If it is true that the average evangelical suffers from an anemic theology, then it is equally true that the average evangelical suffers from an anemic imagination. Too often Christians, particularly those burdened with a desire for more theological precision, think that reading classic works of literature is at best a waste of time and at worst an indulgent vice. In this episode, Dr. Matthew Barrett and Dr. Louis Markos discuss how this tendency may be coming less from Christian piety and more from unexamined modernist assumptions.
Louis Markos, Professor in English and Scholar in Residence at Houston Baptist University, holds the Robert H. Ray Chair in Humanities; his 18 books include From Achilles to Christ (IVP Academic, 2007), Literature: A Student’s Guide (Crossway, 2012), On the Shoulders of Hobbits (Moody, 2012), and Pressing Forward: Alfred, Lord Tennyson and the Victorian Age (Catholic University of America Press, 2002).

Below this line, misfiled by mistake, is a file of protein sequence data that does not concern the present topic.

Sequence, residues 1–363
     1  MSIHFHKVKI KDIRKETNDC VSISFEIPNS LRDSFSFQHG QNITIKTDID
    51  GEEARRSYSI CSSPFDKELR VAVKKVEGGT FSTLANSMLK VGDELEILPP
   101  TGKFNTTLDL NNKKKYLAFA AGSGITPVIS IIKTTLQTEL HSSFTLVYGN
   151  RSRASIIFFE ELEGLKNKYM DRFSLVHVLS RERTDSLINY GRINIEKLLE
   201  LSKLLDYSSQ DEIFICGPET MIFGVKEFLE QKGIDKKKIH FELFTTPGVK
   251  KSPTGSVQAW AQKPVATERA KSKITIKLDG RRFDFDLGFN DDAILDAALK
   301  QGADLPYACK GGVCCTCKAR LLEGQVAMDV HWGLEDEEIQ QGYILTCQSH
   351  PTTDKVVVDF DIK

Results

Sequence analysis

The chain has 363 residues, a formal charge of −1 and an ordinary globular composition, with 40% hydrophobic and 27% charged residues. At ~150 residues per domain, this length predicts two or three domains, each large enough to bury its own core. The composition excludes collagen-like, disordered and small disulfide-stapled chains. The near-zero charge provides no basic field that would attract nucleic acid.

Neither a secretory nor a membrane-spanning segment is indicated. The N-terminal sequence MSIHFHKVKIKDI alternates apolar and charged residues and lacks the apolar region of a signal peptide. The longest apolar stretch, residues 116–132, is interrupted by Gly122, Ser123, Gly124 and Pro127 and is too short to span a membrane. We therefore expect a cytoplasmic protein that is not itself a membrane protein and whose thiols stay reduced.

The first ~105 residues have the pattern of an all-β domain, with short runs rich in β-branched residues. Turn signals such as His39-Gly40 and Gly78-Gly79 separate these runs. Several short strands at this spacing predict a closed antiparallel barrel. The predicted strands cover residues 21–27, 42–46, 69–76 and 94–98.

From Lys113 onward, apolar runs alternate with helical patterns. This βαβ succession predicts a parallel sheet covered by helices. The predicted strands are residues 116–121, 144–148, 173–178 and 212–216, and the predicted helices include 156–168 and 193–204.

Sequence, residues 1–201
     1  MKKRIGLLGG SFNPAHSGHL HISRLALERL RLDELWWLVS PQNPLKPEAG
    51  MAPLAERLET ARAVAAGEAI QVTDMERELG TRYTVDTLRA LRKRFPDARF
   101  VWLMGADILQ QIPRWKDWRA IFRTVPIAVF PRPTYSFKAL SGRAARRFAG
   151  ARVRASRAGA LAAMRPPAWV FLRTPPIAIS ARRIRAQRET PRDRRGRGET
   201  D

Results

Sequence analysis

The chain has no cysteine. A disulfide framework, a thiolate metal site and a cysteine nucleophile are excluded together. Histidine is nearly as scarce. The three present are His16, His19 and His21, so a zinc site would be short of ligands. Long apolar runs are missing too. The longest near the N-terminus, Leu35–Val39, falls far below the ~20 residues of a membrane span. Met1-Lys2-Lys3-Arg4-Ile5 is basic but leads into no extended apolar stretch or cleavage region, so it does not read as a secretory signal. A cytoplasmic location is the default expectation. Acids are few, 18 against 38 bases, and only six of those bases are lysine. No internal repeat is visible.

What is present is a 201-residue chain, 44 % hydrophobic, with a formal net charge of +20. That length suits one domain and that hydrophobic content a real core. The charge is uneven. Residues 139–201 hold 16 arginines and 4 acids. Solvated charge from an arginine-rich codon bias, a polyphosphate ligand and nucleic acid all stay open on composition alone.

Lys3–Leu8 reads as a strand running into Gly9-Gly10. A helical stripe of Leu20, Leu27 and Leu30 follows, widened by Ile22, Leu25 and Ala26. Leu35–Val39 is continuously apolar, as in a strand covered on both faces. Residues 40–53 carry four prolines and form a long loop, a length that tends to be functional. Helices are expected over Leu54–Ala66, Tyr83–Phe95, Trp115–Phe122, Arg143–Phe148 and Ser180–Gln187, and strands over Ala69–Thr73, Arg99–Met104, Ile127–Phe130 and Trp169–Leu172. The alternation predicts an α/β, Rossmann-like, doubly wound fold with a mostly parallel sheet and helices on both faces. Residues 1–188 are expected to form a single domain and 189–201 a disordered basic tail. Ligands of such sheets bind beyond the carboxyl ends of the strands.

Matthew Barrett is Associate Professor of Christian Theology at Midwestern Baptist Theological Seminary, as well as the founder and executive editor of Credo Magazine. He is the author of several books, including Canon, Covenant and Christology: Rethinking Jesus and the Scriptures of Israel; None Greater: The Undomesticated Attributes of God; 40 Questions About Salvation; God’s Word Alone: The Authority of Scripture; Reformation Theology: A Systematic Summary; Salvation by Grace, and Owen on the Christian Life. He is the host of the Credo podcast where he engages top theologians on the most important theological issues today.